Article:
Kaseya left the customer portal vulnerable to the 2015 vulnerability of its own software – Krebs on Security

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Last week, cybercriminals deployed ransomware to 1,500 organizations, many of which provide IT security and technical support to other companies. The attackers exploited a vulnerability in the Kaseya, a Miami-based company whose products help system administrators manage large networks remotely. It now appears that Kaseya’s customer service portal was left vulnerable until last week to a data leak security flaw that was first identified in the same software six years ago.

On July 3, the ransomware affiliate program REvil began using a zero-day security vulnerability (CVE-2021-30116) to deploy ransomware to hundreds of IT management companies running the remote management software of Kaseya, known as Kaseya Virtual System Administrator (VSA).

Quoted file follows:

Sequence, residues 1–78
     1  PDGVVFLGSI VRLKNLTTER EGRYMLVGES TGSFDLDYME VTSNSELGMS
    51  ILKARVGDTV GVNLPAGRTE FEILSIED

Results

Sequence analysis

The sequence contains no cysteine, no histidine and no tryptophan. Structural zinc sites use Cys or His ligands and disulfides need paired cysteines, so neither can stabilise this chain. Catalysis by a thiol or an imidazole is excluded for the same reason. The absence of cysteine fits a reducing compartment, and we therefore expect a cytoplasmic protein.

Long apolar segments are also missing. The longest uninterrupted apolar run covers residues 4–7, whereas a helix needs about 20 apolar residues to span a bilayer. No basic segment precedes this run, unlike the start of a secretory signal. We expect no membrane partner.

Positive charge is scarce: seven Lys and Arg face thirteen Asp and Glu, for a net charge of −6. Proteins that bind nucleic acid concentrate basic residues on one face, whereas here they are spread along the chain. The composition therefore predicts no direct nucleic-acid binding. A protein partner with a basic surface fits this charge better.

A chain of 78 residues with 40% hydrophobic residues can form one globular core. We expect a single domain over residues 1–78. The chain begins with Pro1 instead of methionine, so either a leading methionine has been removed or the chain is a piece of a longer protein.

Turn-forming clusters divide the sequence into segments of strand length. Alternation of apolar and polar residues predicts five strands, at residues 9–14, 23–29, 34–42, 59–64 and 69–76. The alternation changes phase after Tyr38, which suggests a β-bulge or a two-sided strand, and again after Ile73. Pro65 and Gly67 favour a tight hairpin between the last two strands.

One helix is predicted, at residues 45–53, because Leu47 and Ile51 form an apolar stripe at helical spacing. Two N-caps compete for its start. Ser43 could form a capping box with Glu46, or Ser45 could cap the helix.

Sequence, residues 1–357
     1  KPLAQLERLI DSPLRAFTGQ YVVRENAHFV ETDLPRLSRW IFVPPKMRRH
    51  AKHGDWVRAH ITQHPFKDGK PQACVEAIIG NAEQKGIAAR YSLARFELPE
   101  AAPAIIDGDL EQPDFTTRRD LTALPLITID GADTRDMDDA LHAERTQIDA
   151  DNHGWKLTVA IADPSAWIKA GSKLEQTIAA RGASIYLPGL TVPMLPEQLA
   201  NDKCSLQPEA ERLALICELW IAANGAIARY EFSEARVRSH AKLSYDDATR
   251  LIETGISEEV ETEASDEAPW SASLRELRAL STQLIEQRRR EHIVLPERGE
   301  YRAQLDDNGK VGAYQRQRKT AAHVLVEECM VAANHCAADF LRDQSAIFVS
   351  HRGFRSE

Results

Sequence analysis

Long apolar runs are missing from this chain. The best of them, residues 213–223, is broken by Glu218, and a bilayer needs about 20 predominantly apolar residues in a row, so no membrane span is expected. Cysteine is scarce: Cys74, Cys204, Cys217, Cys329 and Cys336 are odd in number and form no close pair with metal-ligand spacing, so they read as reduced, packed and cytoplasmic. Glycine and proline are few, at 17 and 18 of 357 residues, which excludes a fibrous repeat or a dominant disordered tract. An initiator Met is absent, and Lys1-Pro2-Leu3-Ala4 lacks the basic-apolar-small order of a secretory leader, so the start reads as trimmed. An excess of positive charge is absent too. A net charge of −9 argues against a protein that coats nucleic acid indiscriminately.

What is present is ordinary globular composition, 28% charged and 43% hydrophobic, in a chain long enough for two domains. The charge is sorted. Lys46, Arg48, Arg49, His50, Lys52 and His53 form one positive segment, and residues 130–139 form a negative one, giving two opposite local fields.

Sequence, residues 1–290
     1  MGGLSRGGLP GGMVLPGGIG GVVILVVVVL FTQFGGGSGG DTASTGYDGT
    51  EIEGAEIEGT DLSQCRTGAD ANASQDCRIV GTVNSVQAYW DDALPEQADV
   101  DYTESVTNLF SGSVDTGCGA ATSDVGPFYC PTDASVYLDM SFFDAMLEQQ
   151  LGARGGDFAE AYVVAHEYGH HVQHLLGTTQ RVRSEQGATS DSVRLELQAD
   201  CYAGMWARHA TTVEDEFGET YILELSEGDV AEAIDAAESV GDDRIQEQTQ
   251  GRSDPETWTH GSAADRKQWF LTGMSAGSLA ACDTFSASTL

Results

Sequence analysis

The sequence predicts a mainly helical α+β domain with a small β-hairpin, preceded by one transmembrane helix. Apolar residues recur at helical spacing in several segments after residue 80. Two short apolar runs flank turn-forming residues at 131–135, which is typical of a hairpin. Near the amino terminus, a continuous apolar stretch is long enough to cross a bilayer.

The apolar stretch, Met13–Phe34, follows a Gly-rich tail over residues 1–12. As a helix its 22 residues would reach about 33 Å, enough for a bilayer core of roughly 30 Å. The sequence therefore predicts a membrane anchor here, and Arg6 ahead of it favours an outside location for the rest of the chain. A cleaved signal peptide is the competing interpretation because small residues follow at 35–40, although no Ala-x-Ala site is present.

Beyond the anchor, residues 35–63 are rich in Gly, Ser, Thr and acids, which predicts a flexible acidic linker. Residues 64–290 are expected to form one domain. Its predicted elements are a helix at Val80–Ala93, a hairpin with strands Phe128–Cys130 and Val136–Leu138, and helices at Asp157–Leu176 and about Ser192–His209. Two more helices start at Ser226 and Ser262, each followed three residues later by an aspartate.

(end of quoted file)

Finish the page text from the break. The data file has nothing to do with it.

According to this entry for CVE-2021-30116, the security vulnerability that powers Kaseya VSA zero-day was assigned a vulnerability number on April 2, 2021, indicating that Kaseya had approximately three months to resolve the bug before it is exploited in the wild. .

Also on July 3, the security incident response company Principal informed Kaseya that their billing and customer support site –portal.kaseya.net – was vulnerable to CVE-2015-2862, a “directory traversal” vulnerability in Kaseya VSA that allows remote users to read any file on the server using a simple web browser.

As the name suggests, CVE-2015-2862 was released in July 2015. Six years later, Kaseya’s customer portal was still exposed to weak data leakage.